• There's just this one little problem with the Maintainability Index. The three components of it are Halstead Volume, Cyclomatic Complexity, and Lines of Code. Both Halstead Volume and Cyclomatic Complexity have been shown to be very strongly correlated to Lines of Code. This means that an alternative approximate equation for the Maintainability Index that depended ONLY on Lines of Code could be derived that would be almost as accurate as the original, with considerably less computational difficulty. Feb 25, 2013 at 19:17
  • @JohnR.Strohm I think you'd get a similar result even if you just use LOC as the maintainability metric. The OP's change reduces LOC to 1 from 4, and other changes that reduce cyclomatic complexity are similarly likely to reduce LOC as well. Either way, it really comes down to how you define and measure maintainability.
    – Caleb
    Feb 25, 2013 at 19:27
  • 1
    @Caleb: Agreed. The point I try to make is that people far too often go for these really complicated metrics and combinations of metrics, not realizing that just about all of them have been shown to be strongly correlated on real code with plain old Lines Of Code (LOC), and hence have no more predictive or descriptive value than LOC. Feb 25, 2013 at 20:23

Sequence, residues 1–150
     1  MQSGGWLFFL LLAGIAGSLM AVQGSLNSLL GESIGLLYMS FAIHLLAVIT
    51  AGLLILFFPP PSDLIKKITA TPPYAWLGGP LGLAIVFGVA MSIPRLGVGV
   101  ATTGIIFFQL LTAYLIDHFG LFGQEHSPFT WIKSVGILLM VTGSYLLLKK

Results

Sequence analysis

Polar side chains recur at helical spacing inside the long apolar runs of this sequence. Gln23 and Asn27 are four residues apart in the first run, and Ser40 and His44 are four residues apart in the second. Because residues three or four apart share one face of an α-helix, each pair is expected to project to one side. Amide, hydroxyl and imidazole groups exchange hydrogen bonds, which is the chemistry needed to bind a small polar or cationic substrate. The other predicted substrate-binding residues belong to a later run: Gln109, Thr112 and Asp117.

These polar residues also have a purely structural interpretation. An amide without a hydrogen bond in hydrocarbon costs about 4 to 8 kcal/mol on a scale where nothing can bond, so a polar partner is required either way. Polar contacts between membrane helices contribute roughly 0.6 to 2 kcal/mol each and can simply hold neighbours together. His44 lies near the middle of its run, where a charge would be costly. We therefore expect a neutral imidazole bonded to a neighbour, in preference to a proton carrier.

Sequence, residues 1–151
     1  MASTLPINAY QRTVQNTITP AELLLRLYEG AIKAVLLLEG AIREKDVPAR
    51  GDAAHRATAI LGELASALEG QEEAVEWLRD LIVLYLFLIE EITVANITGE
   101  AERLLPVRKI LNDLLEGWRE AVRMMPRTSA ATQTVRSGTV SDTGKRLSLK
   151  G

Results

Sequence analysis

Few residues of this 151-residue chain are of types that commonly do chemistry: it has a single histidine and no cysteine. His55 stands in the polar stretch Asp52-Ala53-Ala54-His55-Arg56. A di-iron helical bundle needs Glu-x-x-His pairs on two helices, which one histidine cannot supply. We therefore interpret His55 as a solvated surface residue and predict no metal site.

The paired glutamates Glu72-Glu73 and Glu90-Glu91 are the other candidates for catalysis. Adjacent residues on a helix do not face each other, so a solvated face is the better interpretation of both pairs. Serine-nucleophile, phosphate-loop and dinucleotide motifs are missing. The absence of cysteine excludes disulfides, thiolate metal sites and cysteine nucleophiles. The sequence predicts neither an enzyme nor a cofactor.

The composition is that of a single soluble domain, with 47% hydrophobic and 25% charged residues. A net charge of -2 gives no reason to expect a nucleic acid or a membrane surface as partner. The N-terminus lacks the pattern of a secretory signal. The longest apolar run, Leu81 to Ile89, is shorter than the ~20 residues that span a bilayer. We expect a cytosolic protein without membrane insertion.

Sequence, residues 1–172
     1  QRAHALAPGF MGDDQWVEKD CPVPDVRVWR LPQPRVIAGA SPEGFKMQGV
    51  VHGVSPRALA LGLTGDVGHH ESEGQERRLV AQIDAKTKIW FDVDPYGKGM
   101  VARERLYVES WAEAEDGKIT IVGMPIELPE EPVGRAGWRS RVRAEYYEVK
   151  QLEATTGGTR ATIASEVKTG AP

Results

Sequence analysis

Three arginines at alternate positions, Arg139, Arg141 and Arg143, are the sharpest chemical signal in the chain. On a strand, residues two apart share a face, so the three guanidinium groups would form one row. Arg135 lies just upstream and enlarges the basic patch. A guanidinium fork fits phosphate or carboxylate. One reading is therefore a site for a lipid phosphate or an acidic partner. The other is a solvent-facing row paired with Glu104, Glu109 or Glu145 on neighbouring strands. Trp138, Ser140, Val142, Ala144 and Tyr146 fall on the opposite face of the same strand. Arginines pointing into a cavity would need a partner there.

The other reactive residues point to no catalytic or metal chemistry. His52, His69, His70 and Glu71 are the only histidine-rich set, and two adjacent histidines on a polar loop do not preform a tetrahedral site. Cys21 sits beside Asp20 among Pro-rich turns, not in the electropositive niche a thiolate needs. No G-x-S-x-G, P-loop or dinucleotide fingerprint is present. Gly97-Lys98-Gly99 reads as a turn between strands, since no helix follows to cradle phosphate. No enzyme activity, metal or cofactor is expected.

Because it has been shown that cyclomatic complexity (CC) is very strongly correlated with code size, "so much so that CC can be said to have absolutely no explanatory power of its own." what you are really asking is whether "iterative methods such as are commonly found in modern languages such as C#, JavaScript, and (hopefully) in Java 8 reduce code size's impact on understandability and supportability of code."

At that point, one would hope that the answer would be obvious. It has been known for decades that shorter code is generally easier to understand, maintain, and support.


If you're talking about the raw stat of Cyclomatic Complexity, sure. You just nuked it from 2 to 0. If you're going by numbers, pure gain, all the way.